Tricks and Treats for Complainants & Respondents in Section 337 Litigation
Time to read: 4 minutes
Don’t wait until after institution to assemble the support for your domestic industry case- both technical and economic prong. The ALJs frequently make known that they expect a complainant to have the support for their domestic industry case in hand before the investigation institutes and are unlikely to be sympathetic if a motion to compel this information is filed. More importantly, don’t get tricked by assuming that a third party will be cooperative or helpful, only to find out later that is not the case! For example, in a recent licensee-based domestic industry case, Certain Integrated Circuits & Products Containing the Same (Inv. No. 337-TA-1148), ALJ Elliott found that complainant failed to establish either prong of the domestic industry requirement where it 1) failed to obtain sufficient technical discovery from the licensee to establish that the “representative domestic industry product” was truly representative for purposes of the technical prong, and 2) failed to show that the qualifying domestic expenditures of the licensee were substantial or significant.
Section 337 is meant to address:
Unfair methods of competition and unfair acts in the importation of articles… into the United States, or in the sale of such articles by the owner, importer, or consignee, the threat or effect of which is
i) to destroy or substantially injure an industry in the United States;
ii) to prevent the establishment of such an industry; or
iii) to restrain or monopolize trade or commerce in the United States.
19 U.S.C. § 1337 (a)(1)(A). This language has been interpreted to encompass a wide range of unfair methods of competition and unfair acts; as a complainant, you do not have to limit yourself to patent infringement claims. In recent years there has been an increase in, not only trade secret claims at the ITC, but also other “non-statutory” unfair acts, such as antitrust, false advertising, and false designation of origin. Furthermore, there could be other types of claims that have not yet been introduced or considered by the ITC, as “unfair methods of competition” does not have a defined scope but instead falls within the federal common law. See TianRui Group Co. Ltd. v. International Trade Com’n, 661 F.3d 1322, 1327 (2011).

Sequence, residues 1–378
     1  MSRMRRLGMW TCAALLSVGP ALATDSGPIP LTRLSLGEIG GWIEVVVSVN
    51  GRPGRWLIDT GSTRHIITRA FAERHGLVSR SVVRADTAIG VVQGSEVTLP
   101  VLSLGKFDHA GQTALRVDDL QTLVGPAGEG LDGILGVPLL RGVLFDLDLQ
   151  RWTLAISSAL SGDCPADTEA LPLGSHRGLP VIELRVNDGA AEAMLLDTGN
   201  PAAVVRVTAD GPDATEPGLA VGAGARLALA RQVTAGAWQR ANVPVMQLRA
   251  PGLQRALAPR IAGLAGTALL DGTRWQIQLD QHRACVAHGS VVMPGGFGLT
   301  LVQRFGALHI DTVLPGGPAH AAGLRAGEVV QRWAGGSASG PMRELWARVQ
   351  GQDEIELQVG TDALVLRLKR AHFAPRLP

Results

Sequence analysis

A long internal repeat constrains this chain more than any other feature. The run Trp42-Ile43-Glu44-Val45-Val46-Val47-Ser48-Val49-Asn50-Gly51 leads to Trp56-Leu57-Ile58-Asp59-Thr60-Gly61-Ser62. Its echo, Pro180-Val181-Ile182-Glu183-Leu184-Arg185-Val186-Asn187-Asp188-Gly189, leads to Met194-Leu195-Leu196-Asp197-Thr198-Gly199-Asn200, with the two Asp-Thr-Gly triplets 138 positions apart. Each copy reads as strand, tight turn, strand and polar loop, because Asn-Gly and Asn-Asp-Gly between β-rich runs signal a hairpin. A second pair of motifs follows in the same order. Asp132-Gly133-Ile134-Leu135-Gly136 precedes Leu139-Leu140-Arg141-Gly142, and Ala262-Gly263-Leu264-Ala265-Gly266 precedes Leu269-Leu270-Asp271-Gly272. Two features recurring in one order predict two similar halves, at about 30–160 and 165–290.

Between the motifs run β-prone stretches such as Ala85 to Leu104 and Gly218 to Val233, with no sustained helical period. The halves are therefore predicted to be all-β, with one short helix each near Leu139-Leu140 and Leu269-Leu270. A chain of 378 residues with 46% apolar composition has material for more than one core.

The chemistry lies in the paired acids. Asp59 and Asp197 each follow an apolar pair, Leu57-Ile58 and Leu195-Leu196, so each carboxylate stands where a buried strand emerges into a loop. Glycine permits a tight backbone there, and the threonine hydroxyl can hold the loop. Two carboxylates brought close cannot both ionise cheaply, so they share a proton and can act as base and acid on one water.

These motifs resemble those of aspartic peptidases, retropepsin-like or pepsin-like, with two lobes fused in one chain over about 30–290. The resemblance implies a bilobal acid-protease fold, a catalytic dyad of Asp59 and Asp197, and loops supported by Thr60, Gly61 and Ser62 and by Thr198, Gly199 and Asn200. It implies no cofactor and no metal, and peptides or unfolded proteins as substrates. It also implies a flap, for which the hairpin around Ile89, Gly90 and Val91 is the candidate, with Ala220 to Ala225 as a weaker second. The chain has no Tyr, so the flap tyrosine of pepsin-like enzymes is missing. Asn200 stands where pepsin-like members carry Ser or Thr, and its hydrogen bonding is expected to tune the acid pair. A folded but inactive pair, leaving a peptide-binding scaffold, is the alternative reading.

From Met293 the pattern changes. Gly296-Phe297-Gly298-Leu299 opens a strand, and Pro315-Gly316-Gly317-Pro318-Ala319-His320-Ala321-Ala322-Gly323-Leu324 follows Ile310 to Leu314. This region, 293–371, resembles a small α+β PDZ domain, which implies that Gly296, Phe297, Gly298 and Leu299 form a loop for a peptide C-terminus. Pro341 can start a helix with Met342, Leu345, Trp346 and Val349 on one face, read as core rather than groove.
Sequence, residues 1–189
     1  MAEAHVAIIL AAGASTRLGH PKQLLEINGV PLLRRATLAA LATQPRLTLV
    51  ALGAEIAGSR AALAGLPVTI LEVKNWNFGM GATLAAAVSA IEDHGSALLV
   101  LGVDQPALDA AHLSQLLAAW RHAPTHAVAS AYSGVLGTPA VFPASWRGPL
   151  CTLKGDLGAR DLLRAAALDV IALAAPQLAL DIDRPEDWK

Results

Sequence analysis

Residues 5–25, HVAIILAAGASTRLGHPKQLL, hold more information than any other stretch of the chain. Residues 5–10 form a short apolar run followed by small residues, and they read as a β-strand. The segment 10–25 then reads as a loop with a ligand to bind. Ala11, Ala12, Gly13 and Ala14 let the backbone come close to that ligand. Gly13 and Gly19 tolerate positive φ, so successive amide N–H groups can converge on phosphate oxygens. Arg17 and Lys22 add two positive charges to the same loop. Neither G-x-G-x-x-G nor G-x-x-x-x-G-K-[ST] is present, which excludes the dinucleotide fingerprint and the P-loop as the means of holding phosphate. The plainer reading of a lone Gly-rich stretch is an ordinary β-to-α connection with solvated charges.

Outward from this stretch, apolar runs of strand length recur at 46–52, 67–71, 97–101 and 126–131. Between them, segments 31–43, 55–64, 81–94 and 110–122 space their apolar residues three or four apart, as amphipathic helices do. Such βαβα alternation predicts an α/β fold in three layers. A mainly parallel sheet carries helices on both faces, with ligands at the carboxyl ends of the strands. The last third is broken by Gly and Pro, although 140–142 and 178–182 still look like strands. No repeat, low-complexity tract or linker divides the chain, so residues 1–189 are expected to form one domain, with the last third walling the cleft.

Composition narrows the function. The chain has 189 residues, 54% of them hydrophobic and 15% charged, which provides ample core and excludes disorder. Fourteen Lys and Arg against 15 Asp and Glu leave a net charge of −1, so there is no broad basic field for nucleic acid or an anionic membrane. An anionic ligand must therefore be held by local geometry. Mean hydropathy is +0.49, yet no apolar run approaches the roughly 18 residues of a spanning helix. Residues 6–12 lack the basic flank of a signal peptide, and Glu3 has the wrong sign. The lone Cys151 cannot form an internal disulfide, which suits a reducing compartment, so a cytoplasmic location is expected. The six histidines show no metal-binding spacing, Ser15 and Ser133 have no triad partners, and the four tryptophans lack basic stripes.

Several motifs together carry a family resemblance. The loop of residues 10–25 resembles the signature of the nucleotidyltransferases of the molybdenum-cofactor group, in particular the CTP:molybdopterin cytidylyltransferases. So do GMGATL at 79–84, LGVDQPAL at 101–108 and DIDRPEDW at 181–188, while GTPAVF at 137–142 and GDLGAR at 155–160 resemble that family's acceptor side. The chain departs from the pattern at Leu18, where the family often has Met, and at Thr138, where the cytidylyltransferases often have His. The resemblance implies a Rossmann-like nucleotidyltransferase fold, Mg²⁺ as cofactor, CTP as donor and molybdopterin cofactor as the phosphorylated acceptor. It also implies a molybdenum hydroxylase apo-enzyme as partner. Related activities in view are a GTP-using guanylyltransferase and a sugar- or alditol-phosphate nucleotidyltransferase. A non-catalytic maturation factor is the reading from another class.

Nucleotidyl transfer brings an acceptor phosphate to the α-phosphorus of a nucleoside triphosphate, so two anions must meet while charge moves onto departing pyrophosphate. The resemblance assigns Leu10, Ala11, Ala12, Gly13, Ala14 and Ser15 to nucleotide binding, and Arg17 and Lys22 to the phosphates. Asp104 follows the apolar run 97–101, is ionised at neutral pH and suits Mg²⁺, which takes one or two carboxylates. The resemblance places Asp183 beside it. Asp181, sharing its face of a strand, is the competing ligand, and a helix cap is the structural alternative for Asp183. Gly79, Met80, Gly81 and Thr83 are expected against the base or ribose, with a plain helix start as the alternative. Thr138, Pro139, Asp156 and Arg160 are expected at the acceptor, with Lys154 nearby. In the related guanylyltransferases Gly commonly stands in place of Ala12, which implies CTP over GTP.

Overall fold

Also remember to consider including the full range of claims that may relate to the accused products: respondents frequently co-opt product designs and may also copy a complainant’s website and promotional materials to promote their own infringing products! Consider including design patent, copyright, and trademark infringement claims in your complaint as appropriate (and within the boundaries of Rule 210.14(h), which allows ALJs to sever investigations as necessary for efficient adjudication). Keep in mind, however, that any non-statutory claims (i.e., relating to something other than registered intellectual property rights) in a complaint will require the complainant also to demonstrate that their domestic industry has been or is threatened to be injured by respondent’s unfair acts.
Don’t get tricked into taking a consent order if you think the patent is invalid. It is better to participate in the investigation and put forth a modest defense until the end. One notable example of this was the respondent DeLorme in Certain Two-Way Global Satellite Communication Devices, System & Components Thereof (Inv. No. 337-TA-854). Though DeLorme was successful in obtaining a ruling from the CAFC that the patent at issue was invalid in 2015, to this day DeLorme remains subject to the $6.2 million civil penalty it was assessed in an enforcement proceeding for violating a consent order it agreed to in 2013. If DeLorme had instead litigated the investigation until its conclusion, been found in violation of Section 337, and then presented the patent invalidity ruling to the Commission via a petition for modification, the Commission could have simply rescinded the remedial orders.
If you are a small player in the market or otherwise find that discontinuing your sales of the accused product(s) would be more favorable than incurring the costs of litigating through the end of the investigation, consider how you might settle the case without a monetary payment to complainant. For example, a complainant seeking a general exclusion order may consider agreeing to a non-monetary settlement in exchange for a deposition from a company representative. When there are a lot of entities involved with the accused products and numerous uncooperative respondents, the complainant may have a difficult time finding information on the manufacturing and distribution chains. In this situation, a complainant may consider a short, cooperative deposition regarding a company’s understanding of the market more valuable than the amount of money they could receive through a settlement with a small entity.
October 20, 2020